I am not an “anti-vaxxer”. I received most vaccinations current in the 1960’s and 70’s. I had a tetanus booster a few years ago when I trod on a rusty nail. I have never had a flu vaccination. I last had a mild flu in January 2011, and quite a severe one in Paris in the mid 1980’s. I dare say I will have to consider it as I get older. Vaccines have protected me against polio, smallpox (now eradicated), tuberculosis and many other child-killers. I caught measles and was ill from it and recovered, so the disease vaccinated me. However, they have their limits. The present frenzy to come up with a Covid 19 vaccine will take so long that it will be moot in a year’s time. How futile and how academic!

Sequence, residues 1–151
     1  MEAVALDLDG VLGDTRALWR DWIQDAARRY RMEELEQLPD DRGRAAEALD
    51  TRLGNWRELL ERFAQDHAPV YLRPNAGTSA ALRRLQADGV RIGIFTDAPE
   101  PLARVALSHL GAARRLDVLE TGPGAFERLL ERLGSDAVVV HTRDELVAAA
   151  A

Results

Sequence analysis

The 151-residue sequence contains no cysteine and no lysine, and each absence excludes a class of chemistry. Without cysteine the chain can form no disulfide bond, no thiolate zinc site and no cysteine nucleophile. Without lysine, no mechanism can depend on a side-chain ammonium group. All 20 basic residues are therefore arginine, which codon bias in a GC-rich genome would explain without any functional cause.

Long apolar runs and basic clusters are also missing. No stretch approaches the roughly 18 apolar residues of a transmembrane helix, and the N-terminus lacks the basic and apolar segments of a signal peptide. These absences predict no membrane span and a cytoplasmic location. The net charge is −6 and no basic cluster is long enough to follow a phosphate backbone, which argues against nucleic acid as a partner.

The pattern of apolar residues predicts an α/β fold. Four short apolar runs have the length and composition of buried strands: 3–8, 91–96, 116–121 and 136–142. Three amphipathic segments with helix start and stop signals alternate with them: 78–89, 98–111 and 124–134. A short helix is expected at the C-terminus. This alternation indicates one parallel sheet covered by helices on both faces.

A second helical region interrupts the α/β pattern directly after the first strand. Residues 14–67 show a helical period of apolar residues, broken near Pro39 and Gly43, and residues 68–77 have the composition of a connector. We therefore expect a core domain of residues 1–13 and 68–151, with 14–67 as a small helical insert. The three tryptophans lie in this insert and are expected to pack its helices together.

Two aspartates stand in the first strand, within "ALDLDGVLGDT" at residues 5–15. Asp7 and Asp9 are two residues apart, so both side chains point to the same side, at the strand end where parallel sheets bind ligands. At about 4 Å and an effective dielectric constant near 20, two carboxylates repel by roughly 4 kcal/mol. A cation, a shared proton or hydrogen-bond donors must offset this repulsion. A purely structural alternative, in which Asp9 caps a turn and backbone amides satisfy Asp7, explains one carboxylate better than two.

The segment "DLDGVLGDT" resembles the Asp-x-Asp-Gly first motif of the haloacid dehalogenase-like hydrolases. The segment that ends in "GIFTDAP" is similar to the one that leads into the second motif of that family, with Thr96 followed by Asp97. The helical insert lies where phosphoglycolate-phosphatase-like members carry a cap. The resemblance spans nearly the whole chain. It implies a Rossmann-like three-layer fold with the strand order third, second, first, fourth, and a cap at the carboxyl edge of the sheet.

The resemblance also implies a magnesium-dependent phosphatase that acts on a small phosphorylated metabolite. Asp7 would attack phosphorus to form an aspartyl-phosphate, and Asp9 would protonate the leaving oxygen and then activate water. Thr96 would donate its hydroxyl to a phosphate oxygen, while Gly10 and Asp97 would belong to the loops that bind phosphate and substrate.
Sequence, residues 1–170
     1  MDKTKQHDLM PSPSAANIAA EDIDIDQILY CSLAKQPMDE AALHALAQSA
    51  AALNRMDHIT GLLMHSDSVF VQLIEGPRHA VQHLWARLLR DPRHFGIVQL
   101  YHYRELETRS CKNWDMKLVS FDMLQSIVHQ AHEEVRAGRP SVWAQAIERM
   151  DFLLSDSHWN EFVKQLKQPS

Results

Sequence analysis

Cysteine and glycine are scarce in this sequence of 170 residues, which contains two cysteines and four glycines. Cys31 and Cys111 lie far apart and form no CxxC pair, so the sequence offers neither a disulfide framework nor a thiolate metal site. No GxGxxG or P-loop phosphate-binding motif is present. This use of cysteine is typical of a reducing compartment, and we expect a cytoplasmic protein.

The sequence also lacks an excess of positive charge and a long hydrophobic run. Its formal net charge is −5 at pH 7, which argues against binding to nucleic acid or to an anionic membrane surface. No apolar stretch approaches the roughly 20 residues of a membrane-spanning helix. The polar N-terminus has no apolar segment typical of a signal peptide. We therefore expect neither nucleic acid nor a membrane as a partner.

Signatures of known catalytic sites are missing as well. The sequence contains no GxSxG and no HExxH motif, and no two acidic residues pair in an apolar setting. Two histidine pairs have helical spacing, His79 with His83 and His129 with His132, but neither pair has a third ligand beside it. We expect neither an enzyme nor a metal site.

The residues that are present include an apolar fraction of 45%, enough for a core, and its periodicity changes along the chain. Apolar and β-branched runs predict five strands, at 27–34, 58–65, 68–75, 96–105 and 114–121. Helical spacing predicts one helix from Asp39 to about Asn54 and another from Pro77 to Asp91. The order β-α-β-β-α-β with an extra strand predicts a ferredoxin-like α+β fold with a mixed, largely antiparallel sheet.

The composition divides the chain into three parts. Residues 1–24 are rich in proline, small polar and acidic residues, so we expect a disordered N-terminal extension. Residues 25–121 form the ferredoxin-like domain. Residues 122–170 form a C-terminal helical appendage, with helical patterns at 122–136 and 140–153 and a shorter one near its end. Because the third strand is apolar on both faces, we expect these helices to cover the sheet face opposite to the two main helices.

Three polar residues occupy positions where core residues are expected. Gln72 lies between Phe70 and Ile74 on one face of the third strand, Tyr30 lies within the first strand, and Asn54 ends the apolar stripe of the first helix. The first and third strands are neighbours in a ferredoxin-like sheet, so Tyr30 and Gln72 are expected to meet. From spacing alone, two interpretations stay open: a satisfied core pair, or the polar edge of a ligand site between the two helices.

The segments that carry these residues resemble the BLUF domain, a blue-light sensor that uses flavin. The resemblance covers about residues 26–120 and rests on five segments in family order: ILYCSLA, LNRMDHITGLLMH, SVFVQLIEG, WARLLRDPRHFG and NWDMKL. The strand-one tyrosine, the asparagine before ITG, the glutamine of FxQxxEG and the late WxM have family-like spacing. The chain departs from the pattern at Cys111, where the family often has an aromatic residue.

This experience has showed the very real danger of acquiescing with totalitarianism and agreeing to surrender all our freedoms, including our innocent pleasures and pastimes. How would we relive a revolution like 1789 or 1917, or the Nazi Occupation of 1940 that blackened France for four years? Viruses can be human too, and very anti-humanist! I have refused to join the drumbeat about churches being closed. The pandemic in France was largely caused by gatherings of large numbers of people in an Evangelical mega-church, American style, in Mulhouse in the east of France. The bishops went along with the closure, and groups of clergy and laity attributed it all to singling out the Church for persecution. Then, some came up with clever methods for distributing Communion, effectively cheapening the Sacraments. What is the point of it all? Politics or spirituality. In the case of the latter, we can manage without churches, liturgical services and Sacraments for a while as happened during the Plague. There have been excesses from both sides, from the overreacting State and those claiming that the entire crisis was a conspiracy to bring about the Orwellian dystopia.